Most doctors are not prescribing enough of physical activities to patients even when shown to be the best medicine.
Only about 11 per cent of patients are being counselled to get physically active, despite increasing obesity, cholesterol, high blood pressure and too little physical activity.
“Even fewer patients are getting written prescriptions for physical activities or followed up as doctors do with medicines,” says a recent study.
It is a fact that Zuki, 42 and a plus size, confirms. She says she is on high blood pressure medication but her doctors have never asked or advised on physical activities. “The cost of the medicines and their regularity are driving me crazy,” she adds.
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At Zaky’s Gym in Embakasi, where Zuki is a client, a wellness instructor says none of their 50-plus clients are there on doctors’ prescriptions.
“Most are women searching for a better body tone and shape, with health benefits coming as a happy side effect,” says the instructor.
The findings by Micky Olutende Oloo, a research assistant at the Masinde Muliro University’s Department of Health Promotion and Sport Science, says more physical activities (PA) can reduce the risk of several chronic diseases.
“But too few doctors, nurses or clinical officers are prescribing PA to their patients and even fewer are following it up,” says Oloo.
This he says is because PA prescriptions unlike medicines are not reimbursed monetarily as well as the current high emphasis on medicines over preventive health care.
“Considering the numerous preventative and curative benefits associated with active lifestyles, health professionals should prescribe more of PA to their patients,” says Oloo.
The first and only national survey on the risk factors for non-communicable diseases by the Ministry of Health says only 12 per cent of patients are being counselled on PA by their doctors.
The Kenya Stepwise Survey shows close to 46 per cent of Kenyans do not engage in vigorous physical activity, with 15 per cent being dangerously sedentary.
“I used to belong to the 15 per cent before I joined the gym. This was after I could not attend to even the least of domestic chores without losing my breath,” says Zuki.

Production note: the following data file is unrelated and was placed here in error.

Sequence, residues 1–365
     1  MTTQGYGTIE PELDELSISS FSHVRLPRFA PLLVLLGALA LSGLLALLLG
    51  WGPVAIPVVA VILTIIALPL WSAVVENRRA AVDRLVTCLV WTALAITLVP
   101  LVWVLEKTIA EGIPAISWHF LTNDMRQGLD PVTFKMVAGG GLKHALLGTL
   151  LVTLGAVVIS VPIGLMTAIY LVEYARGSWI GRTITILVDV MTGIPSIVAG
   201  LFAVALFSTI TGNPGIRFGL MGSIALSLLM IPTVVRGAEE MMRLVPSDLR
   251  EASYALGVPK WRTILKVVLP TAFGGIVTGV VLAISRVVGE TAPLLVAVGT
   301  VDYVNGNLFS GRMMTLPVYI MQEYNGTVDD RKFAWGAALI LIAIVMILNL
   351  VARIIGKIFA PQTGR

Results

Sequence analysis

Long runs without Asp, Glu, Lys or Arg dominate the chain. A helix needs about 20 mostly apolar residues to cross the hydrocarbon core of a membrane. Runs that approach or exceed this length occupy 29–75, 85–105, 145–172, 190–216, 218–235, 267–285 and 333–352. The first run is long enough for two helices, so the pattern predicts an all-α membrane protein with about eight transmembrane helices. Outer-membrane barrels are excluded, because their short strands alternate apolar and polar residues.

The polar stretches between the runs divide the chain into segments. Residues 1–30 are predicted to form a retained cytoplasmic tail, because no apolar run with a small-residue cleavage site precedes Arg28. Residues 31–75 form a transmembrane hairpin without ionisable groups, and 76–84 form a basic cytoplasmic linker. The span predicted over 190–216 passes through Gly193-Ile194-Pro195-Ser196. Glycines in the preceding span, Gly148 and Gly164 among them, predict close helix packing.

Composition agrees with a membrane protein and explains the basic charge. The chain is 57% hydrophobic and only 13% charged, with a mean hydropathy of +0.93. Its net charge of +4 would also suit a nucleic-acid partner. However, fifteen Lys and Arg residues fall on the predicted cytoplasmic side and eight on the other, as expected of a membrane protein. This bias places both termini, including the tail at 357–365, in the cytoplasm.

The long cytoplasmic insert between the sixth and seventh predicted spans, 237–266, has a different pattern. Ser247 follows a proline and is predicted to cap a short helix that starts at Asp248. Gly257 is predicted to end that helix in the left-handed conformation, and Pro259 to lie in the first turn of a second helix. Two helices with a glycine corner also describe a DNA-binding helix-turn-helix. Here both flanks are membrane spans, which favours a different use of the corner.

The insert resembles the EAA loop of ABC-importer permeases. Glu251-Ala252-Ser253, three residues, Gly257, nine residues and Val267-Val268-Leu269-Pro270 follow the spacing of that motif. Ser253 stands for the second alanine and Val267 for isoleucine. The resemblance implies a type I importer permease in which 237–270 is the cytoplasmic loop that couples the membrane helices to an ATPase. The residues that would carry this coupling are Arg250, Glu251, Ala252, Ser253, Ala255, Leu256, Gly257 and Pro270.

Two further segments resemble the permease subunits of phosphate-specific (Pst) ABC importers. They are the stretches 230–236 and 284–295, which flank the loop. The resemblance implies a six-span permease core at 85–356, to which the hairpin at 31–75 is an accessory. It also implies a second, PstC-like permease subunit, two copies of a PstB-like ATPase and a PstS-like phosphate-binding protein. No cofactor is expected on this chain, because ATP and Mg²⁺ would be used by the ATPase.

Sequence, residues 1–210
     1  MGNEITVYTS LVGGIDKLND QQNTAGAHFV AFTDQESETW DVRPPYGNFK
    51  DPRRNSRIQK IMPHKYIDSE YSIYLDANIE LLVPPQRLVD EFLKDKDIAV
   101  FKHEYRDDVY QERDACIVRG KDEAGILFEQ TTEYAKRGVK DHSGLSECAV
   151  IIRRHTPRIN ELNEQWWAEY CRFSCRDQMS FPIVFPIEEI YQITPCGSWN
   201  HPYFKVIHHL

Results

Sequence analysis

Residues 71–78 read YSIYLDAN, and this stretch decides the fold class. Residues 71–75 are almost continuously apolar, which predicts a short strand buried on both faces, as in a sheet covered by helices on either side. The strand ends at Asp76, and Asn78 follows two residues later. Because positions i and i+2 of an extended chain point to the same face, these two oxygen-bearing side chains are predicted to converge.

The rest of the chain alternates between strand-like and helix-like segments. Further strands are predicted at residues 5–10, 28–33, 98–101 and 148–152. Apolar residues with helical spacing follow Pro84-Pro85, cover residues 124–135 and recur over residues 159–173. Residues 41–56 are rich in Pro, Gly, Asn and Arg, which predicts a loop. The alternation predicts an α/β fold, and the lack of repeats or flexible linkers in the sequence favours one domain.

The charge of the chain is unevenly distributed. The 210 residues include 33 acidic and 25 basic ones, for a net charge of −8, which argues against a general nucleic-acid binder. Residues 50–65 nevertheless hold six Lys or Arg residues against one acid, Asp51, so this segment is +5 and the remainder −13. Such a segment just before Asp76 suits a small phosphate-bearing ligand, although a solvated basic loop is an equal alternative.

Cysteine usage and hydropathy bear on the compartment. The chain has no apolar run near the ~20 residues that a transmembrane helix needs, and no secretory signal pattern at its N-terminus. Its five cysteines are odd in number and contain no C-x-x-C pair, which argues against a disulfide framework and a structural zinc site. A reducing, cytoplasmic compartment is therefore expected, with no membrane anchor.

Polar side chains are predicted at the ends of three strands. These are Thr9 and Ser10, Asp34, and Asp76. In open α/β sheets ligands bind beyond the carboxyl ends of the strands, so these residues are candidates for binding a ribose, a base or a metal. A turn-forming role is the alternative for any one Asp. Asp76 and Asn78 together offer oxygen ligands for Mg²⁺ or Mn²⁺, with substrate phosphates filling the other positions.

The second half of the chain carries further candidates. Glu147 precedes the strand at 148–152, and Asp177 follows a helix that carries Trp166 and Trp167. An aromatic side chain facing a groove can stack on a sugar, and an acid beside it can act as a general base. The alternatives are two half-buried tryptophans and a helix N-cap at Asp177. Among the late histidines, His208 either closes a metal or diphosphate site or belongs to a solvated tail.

Oloo with Peter Bukhala and Bernard Wesonga, all of Masinde Muliro University have published their findings in the June issue of the Journal of Physical Activity Research.
The team had involved 221 nurses, doctorsand clinical officers working at all levels of public hospitals in Kakamega County.
“Kakamega because it is one of the most populous counties in Kenya, hence a good representation of the country,” says Oloo.
Forty seven per cent of the professionals said they occasionally asked patients about their physical activity levels but only a third counselled them to take up exercise.
“Another interesting finding was that 34 per cent of the workers occasionally referred patients for fitness assessment or appraisal,” says Oloo.
The team found only about a quarter of health professionals were themselves taking up PA as recommended.
This, Oloo says partially explains why there is low physical activity prescription to patients from health workers.
“Healthcare professionals are projecting their own motives and values of exercise onto their patients,” he says.
Doctors were the least likely to prescribe physical exercises compared to nurses and clinical officers in that order, shows the study.
The team recommends a policy that requires health workers to prescribe PA whenever it is the best option for the patient, especially those at risk of chronic diseases.
Oloo explains that adequate PA has been shown to lower the risk of diabetics and improve the health of people with arthritis and heart conditions.
The yet to be launched National Guidelines for Healthy Diets and Physical Activity 2017, has a comprehensive PA workout programme for Kenyans of all ages.
“Physical activity undertaken throughout the life cycle reduces the risk of heart disease, diabetes and cancer,” says the guidelines.
Physical exercises, the guidelines indicate to also reduce the risk of raised blood pressure, blood sugar and obesity.